London indie pop outfit The History of Apple Pie set out to follow last year’s Out of View with a bolder, more focused record when they pulled producer Jerome Watson onboard again. It’s clear they’re eager to ruminate on Loveless and 13, but elementary school crushes on My Bloody Valentine and Blur don’t give them the foresight to create their own version. Feel Something isn’t a change in direction. It’s a straightforward plea for ingenuity to strike.
When the opening riff of “Come Undone” starts, ‘90s shoegaze blows forward with the force of several stacked amps — until it’s apparent it’s going nowhere. Feel Something is a whole-hearted attempt to craft a new brand of Sonic Youth rock in a comforting CMJ style. Every prediction is answered. The brimming ‘90s power pop of “Ordinary Boy” sounds like a failed Hoku track for Legally Blonde, and psych pop single “Tame” is faux-rowdy with generic riffs. There’s little wrong with the record when you’re mid-song. It’s as soon as the next track begins to play that the difficulty of recalling what came before it is obvious.
Granted, that doesn’t mean there’s nothing new here. The addition of keyboards is prominent, driving “Keep Wondering” and “Don’t You Wanna Be Mine?” with the twisted whirr of Black Moth Super Rainbow. Guitarists Jerome Watson and Aslam Ghauri wander idly, using their front row spot to squeal like the Pixies as drum fills splice up “Snowball” and “Puzzles”. Bassist Joanna Curwood makes her debut with the band, teaming up with drummer James Thomas to toss a few bones forward. But even when combined, the three are never enough to distract from Steph Min’s flat, wispy vocals.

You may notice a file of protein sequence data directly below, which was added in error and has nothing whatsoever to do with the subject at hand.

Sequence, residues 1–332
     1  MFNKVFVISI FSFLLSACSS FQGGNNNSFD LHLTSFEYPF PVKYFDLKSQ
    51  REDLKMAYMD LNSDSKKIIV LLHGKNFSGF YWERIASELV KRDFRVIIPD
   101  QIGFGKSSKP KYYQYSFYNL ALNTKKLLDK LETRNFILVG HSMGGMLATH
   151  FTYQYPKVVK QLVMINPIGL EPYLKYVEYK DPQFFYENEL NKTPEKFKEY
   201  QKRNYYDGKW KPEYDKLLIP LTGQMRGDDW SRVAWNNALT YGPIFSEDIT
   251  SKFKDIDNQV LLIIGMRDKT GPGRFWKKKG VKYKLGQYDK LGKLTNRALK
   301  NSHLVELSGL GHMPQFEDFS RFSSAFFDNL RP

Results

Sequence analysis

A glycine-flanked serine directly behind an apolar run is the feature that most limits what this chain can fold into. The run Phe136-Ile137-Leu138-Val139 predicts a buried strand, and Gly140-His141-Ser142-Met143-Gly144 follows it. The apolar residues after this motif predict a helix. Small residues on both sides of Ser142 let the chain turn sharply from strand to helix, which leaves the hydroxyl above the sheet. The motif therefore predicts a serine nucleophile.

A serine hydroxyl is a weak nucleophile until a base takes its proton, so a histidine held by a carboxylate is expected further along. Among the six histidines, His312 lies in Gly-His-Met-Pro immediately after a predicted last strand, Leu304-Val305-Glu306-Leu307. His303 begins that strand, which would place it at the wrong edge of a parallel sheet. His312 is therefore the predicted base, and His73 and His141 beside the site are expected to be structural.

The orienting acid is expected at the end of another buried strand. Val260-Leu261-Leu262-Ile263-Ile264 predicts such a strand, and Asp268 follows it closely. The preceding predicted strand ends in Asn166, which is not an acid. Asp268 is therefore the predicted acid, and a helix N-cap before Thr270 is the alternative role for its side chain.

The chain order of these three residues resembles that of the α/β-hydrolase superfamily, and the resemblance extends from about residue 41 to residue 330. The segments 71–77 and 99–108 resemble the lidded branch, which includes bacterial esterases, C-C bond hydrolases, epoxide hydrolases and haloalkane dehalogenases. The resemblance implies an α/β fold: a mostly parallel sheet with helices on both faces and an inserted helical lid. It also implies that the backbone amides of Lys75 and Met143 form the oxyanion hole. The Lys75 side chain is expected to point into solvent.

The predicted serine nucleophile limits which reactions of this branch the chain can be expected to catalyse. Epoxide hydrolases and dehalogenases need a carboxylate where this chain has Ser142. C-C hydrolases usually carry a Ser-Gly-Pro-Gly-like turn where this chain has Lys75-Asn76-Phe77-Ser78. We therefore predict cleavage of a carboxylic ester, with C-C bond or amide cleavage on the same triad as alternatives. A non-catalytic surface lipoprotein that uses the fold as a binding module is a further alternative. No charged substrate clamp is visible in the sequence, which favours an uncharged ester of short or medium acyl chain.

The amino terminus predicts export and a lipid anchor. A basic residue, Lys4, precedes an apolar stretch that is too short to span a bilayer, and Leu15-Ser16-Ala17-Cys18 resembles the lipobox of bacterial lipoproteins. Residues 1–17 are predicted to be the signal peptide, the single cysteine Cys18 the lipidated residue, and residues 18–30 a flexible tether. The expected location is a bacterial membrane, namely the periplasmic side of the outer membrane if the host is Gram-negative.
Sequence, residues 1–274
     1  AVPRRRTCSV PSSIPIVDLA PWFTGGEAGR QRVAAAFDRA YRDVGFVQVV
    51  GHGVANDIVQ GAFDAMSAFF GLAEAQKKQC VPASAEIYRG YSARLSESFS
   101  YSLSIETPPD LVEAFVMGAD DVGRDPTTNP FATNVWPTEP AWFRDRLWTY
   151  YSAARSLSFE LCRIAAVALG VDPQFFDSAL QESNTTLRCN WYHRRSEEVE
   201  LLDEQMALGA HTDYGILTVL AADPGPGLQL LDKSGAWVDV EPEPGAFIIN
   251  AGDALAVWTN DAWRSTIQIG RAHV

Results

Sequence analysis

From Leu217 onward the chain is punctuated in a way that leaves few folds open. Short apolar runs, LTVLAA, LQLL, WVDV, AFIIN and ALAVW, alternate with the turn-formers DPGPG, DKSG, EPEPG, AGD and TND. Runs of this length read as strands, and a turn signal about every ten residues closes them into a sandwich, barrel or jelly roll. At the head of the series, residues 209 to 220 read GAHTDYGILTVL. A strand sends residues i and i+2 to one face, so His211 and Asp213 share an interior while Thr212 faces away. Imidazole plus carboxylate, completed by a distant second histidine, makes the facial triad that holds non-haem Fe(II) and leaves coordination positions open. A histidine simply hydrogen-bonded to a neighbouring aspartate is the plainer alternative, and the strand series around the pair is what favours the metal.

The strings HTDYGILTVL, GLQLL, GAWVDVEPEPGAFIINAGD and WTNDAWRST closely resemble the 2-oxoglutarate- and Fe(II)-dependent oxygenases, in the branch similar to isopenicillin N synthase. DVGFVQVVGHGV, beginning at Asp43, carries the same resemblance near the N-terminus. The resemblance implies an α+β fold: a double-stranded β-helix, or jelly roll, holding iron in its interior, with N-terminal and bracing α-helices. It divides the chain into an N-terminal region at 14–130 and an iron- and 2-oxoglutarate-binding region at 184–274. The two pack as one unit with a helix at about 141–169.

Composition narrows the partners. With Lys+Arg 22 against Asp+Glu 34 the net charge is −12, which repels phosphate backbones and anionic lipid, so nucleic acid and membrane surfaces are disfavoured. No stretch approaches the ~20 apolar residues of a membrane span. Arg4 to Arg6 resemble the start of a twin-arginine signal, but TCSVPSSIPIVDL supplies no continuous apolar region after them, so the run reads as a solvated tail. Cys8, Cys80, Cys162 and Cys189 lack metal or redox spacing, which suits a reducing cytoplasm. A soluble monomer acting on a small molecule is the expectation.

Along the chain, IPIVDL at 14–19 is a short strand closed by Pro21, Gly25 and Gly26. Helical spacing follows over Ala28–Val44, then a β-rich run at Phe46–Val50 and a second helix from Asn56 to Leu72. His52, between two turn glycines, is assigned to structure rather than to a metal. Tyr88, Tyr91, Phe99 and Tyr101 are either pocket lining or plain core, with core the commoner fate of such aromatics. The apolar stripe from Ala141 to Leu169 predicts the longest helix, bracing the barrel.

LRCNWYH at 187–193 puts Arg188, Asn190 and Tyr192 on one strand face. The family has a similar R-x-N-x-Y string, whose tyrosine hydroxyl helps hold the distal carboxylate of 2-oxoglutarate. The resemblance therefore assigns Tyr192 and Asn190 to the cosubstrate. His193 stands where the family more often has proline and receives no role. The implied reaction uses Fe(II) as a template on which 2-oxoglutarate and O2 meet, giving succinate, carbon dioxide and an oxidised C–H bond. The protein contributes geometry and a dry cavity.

The History of Apple Pie’s catchy melodies finally overpower their bashful, playground take of shoegaze greats on “Jamais Vu”. Buzzing with grace, it uses their energy efficiently, whittling it down to a sharp, conscious, uptempo number that’s just as much a nod to The Cardigans as it is to Kevin Shields.
Feel Something has the ingredients to make it a front-runner for end of the year lists (try keeping score of the saccharine hooks), but the band’s incredible ability to keep it from ever rising above mediocre manages to cut it down far short of that goal. Originality isn’t easy to find. Thankfully for them, rock can still be a fun daytime dessert. The problem is The History of Apple Pie managed to fork over 10 songs of generic, sugared pop that’s almost entirely forgettable by the time dinner rolls around.
Essential Tracks: “Jamais Vu”, “Don’t You Wanna Be Mine?”